By Joel Assogba on Saturday, April 22, 2006 - 12:37 am:

SOS RACISM (Multiethnic Kids)

A week before my eldest daughter started elementary school in 2002, I went to her school and talked to the Principal, Vice-Principal and all the teachers about the importance of teaching children to respect individuality and accept others who look different as equals, but they didn't take me seriously. About two weeks after school started, she came back home from school very sad, telling us that one of her classmates told her to change her natural brown skin into "normal" hadairo (ochre) color. I called the teacher and the Principal right away to urge them to deal honestly and democratically with the matter, calling us for a face-to-face meeting with the child and her parents, but the Principal refused. The parents did not take the matter seriously either; when my wife talked to the child's mother on the phone, she laughed about the matter as if it wasn't a serious problem. Finally, I went to talk to the School Board officials to ask them to do something about the problem. Again, I was disappointed. They evidently don't think racism is a serious problem in Japan and don't want to act.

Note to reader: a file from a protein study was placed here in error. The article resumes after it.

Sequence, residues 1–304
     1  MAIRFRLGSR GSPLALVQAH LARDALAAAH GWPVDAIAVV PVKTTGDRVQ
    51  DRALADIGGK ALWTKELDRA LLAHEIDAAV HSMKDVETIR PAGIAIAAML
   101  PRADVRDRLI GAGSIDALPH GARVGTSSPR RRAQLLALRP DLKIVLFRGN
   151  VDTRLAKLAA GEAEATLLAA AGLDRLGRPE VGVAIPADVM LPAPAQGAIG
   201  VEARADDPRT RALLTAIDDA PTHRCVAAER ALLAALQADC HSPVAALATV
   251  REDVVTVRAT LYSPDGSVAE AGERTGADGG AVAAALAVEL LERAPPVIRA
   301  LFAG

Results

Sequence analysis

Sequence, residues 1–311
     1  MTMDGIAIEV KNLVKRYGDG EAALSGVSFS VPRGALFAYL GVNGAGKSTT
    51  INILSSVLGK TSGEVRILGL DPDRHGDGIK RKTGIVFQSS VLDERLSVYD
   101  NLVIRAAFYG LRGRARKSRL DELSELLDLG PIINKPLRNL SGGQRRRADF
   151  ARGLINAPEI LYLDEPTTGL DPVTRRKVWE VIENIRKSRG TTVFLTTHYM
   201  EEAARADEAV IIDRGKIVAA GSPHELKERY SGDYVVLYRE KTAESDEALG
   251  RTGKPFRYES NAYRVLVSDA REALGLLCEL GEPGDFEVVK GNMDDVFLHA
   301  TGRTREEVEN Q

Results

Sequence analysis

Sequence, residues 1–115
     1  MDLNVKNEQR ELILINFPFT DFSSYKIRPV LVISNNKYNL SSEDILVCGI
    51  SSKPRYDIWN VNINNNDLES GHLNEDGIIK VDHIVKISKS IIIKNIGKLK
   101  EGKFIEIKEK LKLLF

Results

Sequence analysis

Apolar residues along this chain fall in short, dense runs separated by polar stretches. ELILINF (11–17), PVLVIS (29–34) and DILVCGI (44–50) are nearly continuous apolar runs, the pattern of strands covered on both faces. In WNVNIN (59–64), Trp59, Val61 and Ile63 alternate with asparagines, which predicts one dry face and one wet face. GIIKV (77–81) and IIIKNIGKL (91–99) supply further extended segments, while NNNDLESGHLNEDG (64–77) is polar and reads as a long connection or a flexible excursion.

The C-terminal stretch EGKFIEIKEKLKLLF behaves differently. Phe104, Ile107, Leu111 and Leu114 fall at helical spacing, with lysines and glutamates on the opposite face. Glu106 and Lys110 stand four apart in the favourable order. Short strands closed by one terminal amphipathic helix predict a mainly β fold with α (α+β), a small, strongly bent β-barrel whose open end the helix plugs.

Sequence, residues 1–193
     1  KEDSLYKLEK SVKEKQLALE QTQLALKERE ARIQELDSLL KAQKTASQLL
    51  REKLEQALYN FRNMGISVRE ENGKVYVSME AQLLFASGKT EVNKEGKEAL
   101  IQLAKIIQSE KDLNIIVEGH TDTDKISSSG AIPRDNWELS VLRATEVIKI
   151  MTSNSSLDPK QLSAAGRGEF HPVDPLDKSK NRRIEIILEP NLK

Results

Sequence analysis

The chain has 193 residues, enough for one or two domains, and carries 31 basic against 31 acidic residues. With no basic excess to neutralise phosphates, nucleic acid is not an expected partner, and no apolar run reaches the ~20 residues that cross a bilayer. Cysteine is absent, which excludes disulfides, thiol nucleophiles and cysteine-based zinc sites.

My children have darker skin than the other Japanese children, and many people openly make cruel and racist comments about them: "kitanai," "makkuro," "baikin," "unchi," "kimochiwarui," "kurokoge," etc. When I go out with them, many parents also point at us "gaijin." Those people are wrong because my children are not foreigners in Japan; they are born here and are Japanese citizens just like the other Japanese children. And above all, they love Japan and the traditional Japanese culture.